Going from Business Owner to Boss

Entrepreneurs are usually excited about the prospect of starting a new business. They enjoy the thrill of developing a product, pitching ideas to financers, and seeing an idea become reality. But what many business owners are not prepared for is the role of becoming “boss” when they find they must hire staff to keep their business growing.

Wearing the boss hat is not easy, and many small business owners have a tough time adjusting to the role. Rather than focusing on selling their product or service, much time is spent searching for and interviewing potential staffers, dealing with current employee work issues, and sifting through all the tough human resources issues, such as personality conflicts and even layoffs.

So what is an entrepreneur to do when employees are involved with the business? Here are some tips to help you with the role of “boss.”

Put the Right People in the Right Job

You’ll get the best results from your staff if you hire the right staff. Hire the most qualified candidate, but also the one who fits with your company’s style. If you are not absolutely sure about hiring someone out of a batch of candidates, don’t feel you have to choose. Take the time to obtain another round of resumes in order to fill your staff positions with 100% confidence.

Include Your Team

One important strategy to help your staff feel connected to the company is to include them as much as possible. Tell them your strategies for business success. Share the positive (or negative) financial results of last quarter. It also means including everyone in a celebratory party for a big company success. Employees who feel connected are more productive.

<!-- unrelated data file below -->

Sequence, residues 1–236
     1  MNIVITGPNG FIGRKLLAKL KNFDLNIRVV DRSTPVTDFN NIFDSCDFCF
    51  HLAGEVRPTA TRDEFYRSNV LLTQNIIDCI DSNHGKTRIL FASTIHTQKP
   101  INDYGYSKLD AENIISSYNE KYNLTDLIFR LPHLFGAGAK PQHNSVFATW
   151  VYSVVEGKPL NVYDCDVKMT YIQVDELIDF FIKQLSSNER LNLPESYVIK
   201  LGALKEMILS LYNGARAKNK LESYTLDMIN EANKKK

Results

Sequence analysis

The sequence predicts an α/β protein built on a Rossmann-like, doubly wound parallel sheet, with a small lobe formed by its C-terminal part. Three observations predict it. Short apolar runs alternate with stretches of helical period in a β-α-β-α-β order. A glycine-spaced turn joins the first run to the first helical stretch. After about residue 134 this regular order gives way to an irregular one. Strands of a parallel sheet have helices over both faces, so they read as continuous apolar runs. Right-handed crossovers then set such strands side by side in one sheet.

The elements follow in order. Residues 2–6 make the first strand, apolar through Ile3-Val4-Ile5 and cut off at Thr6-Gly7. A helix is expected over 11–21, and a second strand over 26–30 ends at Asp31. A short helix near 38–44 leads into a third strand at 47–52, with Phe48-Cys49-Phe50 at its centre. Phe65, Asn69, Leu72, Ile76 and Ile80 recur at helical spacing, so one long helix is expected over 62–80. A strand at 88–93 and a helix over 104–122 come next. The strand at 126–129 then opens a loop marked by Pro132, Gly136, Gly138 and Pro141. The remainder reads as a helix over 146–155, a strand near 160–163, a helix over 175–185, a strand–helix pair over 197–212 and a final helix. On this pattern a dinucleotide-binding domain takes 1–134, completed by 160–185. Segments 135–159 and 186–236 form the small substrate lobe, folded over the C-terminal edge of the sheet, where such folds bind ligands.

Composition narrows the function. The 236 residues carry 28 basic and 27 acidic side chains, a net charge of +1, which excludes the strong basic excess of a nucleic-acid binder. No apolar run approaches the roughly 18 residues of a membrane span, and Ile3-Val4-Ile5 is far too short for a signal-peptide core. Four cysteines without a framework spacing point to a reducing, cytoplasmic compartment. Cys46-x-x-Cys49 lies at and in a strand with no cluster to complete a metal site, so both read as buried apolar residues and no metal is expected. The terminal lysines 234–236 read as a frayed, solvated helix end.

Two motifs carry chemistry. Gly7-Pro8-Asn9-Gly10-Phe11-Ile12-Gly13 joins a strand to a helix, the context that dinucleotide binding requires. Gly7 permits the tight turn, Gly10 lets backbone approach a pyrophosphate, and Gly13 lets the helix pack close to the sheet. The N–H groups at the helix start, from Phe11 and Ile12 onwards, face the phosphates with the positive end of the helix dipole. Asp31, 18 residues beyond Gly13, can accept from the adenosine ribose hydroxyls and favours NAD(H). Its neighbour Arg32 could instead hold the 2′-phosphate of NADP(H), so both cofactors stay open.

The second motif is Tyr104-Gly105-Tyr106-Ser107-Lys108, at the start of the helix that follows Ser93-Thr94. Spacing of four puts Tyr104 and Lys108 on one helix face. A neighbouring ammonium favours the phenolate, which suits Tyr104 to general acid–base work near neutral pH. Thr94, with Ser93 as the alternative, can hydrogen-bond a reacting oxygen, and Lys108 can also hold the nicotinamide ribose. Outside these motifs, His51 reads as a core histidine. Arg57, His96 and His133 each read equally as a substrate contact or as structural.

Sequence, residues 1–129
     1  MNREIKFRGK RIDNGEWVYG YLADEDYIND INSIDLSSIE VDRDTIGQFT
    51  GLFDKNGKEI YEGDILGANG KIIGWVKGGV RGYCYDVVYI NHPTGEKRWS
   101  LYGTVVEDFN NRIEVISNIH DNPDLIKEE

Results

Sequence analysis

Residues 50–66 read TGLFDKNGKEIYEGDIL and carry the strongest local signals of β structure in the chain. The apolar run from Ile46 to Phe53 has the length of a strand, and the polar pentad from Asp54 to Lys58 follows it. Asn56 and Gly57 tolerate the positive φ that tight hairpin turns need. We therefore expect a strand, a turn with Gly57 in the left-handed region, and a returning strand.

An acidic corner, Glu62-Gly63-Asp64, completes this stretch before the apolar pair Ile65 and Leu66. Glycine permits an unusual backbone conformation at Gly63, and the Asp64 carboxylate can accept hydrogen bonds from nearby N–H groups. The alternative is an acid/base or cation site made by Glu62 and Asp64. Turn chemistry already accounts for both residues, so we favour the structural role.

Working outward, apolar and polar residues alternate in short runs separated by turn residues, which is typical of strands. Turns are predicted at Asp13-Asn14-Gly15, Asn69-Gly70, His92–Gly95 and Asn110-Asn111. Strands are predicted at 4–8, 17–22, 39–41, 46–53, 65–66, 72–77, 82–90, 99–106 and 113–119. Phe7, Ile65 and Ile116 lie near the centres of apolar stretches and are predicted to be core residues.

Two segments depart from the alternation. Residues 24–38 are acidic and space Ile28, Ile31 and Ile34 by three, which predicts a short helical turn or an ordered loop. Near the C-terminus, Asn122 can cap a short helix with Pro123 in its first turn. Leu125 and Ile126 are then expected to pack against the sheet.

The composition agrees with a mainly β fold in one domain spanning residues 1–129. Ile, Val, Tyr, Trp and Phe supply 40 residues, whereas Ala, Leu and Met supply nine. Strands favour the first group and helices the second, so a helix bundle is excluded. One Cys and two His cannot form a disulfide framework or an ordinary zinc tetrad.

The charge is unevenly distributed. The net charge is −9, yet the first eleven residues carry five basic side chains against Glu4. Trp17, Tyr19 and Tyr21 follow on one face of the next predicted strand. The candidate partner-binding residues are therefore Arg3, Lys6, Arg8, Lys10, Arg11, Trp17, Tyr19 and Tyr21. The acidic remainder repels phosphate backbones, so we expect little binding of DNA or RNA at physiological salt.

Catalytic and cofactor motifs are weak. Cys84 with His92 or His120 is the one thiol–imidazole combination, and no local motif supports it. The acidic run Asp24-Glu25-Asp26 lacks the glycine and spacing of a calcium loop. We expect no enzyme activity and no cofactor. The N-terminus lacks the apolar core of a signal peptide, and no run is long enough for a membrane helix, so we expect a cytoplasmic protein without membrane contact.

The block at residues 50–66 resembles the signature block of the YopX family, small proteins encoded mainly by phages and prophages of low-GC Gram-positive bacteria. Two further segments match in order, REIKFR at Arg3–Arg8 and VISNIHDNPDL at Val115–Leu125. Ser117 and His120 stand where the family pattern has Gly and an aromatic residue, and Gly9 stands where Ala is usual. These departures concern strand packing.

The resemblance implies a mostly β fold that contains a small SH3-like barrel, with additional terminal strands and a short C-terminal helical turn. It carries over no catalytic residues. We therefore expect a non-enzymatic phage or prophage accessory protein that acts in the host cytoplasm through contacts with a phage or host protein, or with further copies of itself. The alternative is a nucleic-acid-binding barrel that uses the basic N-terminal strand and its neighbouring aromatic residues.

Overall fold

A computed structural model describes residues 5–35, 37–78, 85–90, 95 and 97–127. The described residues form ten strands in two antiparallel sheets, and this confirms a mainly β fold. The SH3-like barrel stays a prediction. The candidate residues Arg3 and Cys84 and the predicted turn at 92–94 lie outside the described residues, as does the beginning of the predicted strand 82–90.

Coach and Lead

Many entrepreneurs don’t realize that when they become bosses, they aren’t just leaders, but they are coaches as well. That means encouraging your employees, teaching them about their job, and providing the tools they need to advance their own career, as well as your business.

Hire an HR Manager

Sometimes the duties of managing employees simply become too great for a single business owner to handle. If that happens, it is time to hire a person who can be in charge of most employee matters. That frees up considerable time for you as the business owner. Don’t hesitate to delegate the roll of boss to an HR manager if you feel overwhelmed. In addition, you enjoy the perk of a human resources manager who is versed with employment law and ensuring that you are hiring, managing, and even firing the right way.

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